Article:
CHARLESTON — West Virginia Attorney General Patrick Morrisey hailed a federal appeals court decision as a crucial victory in protecting the rights of gun owners across the state and beyond.
The 4th U.S. Circuit Court of Appeals ruled Thursday a district court must adopt a strict standard when it reconsiders the constitutionality of a Maryland weapons ban, which prohibits sale, transfer and possession of certain firearms.
Morrisey led 21 states in arguing for strict scrutiny. The appeals court adopted the states’ position and further agreed that semiautomatic rifles and standard capacity magazines subject to Maryland’s ban are protected by the Second Amendment.
“Singling out these firearms is akin to banning certain categories of speech – both would be unconstitutional,” Morrisey said in a statement “My office remains committed to defending every West Virginian’s Second Amendment rights.”
West Virginia and its partners filed a friend of the court brief in November 2014. Any 4th Circuit ruling sets case law governing West Virginia, Maryland, North Carolina, South Carolina and Virginia for any similar future state or federal laws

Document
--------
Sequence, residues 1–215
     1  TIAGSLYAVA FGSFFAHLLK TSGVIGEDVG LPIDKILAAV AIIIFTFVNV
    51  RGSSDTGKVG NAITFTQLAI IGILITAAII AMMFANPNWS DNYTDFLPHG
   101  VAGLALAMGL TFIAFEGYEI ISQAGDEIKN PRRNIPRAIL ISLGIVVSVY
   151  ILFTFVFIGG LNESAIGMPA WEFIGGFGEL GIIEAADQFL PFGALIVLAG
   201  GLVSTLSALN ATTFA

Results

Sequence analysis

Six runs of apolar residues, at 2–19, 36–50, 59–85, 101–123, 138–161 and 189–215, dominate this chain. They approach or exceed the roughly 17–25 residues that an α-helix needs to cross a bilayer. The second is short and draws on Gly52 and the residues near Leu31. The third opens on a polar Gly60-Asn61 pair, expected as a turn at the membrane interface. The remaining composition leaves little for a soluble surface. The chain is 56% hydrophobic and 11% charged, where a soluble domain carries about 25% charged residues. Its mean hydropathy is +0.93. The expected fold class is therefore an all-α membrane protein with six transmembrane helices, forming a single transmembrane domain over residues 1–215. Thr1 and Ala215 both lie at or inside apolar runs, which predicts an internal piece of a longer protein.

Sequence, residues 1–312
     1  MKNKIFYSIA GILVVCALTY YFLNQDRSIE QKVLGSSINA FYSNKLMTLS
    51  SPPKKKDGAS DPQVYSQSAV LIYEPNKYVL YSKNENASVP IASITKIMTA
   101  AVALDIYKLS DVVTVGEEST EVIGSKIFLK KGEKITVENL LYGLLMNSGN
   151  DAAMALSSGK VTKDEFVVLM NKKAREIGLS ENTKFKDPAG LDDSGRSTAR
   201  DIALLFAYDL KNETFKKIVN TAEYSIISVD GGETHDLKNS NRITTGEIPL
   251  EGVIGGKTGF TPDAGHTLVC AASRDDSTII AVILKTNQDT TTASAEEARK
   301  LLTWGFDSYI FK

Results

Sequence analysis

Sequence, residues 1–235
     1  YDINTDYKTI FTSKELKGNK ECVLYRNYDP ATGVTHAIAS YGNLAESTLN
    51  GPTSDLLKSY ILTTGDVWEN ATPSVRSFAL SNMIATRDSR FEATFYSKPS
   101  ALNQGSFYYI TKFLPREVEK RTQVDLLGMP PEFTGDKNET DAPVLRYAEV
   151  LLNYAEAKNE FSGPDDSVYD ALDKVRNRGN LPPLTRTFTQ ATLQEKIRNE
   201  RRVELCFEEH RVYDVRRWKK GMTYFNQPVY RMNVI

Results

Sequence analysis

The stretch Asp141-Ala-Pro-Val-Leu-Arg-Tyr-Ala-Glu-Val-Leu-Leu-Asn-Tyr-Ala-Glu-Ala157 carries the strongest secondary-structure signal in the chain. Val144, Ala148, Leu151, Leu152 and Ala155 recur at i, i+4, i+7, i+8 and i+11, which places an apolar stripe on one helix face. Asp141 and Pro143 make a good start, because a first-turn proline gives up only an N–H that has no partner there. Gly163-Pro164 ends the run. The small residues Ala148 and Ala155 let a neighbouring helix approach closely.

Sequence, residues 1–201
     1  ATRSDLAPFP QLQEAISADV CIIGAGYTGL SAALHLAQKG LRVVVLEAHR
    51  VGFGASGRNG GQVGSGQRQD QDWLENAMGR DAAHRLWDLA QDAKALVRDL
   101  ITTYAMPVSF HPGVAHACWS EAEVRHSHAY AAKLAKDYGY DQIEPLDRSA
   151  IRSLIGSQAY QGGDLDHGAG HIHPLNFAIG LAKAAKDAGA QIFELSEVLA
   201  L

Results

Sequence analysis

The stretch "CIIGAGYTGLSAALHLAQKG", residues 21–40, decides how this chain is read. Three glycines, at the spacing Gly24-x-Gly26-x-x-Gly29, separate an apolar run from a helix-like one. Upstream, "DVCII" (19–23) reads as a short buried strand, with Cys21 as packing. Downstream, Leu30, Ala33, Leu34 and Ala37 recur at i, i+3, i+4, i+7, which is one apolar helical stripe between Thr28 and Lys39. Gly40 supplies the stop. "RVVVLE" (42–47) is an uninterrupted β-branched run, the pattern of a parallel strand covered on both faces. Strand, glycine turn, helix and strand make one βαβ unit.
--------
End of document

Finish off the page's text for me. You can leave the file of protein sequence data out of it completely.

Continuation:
The Maryland ban would apply to semiautomatic rifles and many standard capacity handgun magazines. The appeals court, in ordering the stricter review, ruled such a ban infringed upon core Second Amendment rights and severely burdened one’s constitutional ability to keep commonly used weapons in the home.
Thursday’s ruling did not strike down the Maryland law, but returned the case to district court for a second look under the stricter standard. Attorney General Morrisey said his office will monitor the case as it proceeds.
West Virginia filed its friend of the court brief with Alabama, Alaska, Arizona, Florida, Idaho, Kansas, Kentucky, Louisiana, Michigan, Missouri, Montana, Nebraska, New Mexico, North Dakota, Oklahoma, South Carolina, South Dakota, Texas, Utah and Wyoming.